Jessi Singh came to New York in a roundabout, globe-trotting way, from the Punjab via Melbourne, and like Mission Chinese, the menu at his popular downtown Indian restaurant, Babu Ji, is filled with a whole grab bag of unexpected flavor and ingredient combinations. Ask for a beer at this convivial Alphabet City establishment and the wait staff will happily direct you to the cooler in the back of the room filled with bottles of Singha from Thailand and Tusker from Kenya. You can enjoy your beer with scallops from Long Island poured with coconut curry; traditional tikki (potato croquettes) stuffed with Maine lobster; or whole rainbow trout, which Singh and his cooks char to a tender crisp in a traditional tandoor oven and sweeten with honey. The thing Ms. Platt keeps going back for is the butter chicken, made with chunks of all-natural bird, which she and the girls order with little mountains of fluffy basmati rice and baskets of fresh naan pooled with puddles of butter. The dishes I can’t get out of my head, however, are the classic Indian desserts, like the sweet, spongy gulab jamun cakes soaked in more honey, and the slim, cooling kulfi Popsicles, which the staff make with a mix of condensed milk and crushed pistachios and serve, just like on the hot plains of the Punjab, out of frosty metal molds.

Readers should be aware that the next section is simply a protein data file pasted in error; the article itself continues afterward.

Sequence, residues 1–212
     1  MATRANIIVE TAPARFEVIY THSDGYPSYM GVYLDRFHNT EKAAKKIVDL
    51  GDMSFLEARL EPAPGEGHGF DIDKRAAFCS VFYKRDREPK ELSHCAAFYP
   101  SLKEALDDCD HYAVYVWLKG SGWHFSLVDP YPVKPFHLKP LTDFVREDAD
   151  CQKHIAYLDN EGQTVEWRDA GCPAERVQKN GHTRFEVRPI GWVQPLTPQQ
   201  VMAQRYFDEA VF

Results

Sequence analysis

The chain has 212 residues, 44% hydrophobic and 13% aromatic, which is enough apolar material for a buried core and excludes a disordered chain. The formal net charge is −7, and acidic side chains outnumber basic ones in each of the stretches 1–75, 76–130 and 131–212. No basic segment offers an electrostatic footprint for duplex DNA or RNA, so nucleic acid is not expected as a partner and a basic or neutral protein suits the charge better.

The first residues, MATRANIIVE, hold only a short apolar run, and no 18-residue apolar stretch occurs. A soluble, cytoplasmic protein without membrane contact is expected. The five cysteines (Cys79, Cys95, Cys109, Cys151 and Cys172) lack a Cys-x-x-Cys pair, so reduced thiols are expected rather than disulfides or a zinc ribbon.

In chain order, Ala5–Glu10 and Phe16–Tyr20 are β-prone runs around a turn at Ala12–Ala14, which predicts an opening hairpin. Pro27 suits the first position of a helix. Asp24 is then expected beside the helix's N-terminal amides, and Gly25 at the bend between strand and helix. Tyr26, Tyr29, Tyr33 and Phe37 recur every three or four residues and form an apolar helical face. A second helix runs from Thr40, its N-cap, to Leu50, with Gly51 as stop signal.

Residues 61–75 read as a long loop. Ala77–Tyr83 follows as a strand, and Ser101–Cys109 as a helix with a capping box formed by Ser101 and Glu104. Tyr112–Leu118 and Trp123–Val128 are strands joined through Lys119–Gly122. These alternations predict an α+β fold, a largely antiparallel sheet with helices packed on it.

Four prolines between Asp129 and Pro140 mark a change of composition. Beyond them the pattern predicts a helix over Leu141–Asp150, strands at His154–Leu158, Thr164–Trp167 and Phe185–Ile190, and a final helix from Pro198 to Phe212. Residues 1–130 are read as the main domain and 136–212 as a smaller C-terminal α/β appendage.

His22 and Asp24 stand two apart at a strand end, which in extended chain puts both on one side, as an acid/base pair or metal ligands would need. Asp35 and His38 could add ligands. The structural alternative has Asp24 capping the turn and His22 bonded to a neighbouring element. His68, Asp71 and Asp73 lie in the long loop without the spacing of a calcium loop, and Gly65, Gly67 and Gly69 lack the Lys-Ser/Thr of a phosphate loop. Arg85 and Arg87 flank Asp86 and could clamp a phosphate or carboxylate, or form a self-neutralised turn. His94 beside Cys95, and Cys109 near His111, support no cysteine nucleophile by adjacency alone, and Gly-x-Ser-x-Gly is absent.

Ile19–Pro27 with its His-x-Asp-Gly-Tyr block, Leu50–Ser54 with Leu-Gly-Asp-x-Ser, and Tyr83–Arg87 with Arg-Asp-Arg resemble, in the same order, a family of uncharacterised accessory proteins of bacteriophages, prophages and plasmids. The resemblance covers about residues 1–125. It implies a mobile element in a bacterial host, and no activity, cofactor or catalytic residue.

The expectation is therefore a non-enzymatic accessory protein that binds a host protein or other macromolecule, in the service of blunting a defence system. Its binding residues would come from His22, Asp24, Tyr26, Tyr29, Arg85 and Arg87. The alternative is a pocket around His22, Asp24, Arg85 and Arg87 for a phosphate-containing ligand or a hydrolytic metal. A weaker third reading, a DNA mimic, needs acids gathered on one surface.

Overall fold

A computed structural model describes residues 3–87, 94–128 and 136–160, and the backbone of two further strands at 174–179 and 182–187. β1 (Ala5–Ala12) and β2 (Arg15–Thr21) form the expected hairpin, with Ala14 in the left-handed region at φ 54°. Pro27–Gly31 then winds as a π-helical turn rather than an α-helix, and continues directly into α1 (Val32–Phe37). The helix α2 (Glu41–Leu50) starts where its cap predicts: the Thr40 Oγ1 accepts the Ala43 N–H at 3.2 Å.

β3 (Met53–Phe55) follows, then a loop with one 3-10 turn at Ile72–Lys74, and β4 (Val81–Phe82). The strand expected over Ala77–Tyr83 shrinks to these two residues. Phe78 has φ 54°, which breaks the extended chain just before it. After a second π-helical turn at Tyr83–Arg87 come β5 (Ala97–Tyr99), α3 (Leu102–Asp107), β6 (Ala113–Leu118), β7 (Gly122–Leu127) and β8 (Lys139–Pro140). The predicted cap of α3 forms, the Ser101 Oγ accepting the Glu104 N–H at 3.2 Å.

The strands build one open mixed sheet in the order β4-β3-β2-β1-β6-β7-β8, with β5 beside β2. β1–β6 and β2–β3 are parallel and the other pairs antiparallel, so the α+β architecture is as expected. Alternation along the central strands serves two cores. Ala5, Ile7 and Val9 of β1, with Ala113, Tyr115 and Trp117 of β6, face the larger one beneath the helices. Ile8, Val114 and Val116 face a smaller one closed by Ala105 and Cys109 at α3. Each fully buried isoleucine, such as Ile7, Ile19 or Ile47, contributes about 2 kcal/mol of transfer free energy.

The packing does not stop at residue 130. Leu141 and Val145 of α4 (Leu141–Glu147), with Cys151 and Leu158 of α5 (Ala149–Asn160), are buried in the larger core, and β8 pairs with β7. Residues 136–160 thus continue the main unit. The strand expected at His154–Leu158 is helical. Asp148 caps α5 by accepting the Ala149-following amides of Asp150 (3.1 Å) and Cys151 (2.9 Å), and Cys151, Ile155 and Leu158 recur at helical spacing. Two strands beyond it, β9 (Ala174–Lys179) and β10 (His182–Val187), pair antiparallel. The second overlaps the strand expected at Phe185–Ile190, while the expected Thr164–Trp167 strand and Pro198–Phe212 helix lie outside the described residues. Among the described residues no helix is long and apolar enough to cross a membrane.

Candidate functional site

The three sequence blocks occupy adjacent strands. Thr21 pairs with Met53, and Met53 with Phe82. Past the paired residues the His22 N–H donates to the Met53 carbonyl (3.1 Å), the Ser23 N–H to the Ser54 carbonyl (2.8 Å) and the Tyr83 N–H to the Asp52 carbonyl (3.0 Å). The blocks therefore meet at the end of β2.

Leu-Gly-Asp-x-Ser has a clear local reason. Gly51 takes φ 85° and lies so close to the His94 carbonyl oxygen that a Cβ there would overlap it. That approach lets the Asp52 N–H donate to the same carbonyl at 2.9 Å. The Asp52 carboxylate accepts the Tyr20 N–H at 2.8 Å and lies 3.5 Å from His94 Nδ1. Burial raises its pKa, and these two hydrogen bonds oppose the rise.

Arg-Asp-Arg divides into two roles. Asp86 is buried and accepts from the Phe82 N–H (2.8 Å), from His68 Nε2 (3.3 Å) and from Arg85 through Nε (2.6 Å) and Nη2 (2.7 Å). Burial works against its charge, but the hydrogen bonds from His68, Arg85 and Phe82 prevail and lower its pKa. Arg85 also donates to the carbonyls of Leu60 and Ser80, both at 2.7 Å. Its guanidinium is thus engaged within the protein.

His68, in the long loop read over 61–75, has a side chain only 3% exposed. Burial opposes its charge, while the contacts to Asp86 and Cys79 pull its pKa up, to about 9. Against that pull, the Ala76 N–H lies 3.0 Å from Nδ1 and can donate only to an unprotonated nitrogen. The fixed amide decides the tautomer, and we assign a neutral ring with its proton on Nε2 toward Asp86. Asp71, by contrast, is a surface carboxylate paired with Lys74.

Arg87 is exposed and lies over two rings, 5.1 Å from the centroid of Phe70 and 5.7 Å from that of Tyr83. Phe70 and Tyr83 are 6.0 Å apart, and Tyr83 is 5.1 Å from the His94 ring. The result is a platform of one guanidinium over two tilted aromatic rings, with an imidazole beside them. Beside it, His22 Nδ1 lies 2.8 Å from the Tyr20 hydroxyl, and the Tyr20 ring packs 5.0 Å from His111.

Tacos at El Cortez. Photo: Dina Litovsky

3.

Gourmet Pub Crawl

To the endless list of top-flight pub burgers popping up at reputable drinking establishments all around this burger-mad, booze-addled town, let’s add the new downtown version of that great uptown classic the JG Melon cheeseburger, which is available now for lunch, a late-afternoon snack, or dinner at the Macdougal Street outlet of the famous Third Avenue bar. The new Melon’s is slightly roomier than the uptown original, but the tables are covered with the same green-and-white-checked linen, the menus are written in the same clipped, no-­nonsense ’70s-era script, and while you contemplate your perfectly sized, medium-rare burger (and your bowl of perfectly round, perfectly crisped cottage fries), you can even gaze at the golden metal plaques of old uptown regulars from the bygone glory days, which have been dutifully affixed above the bar.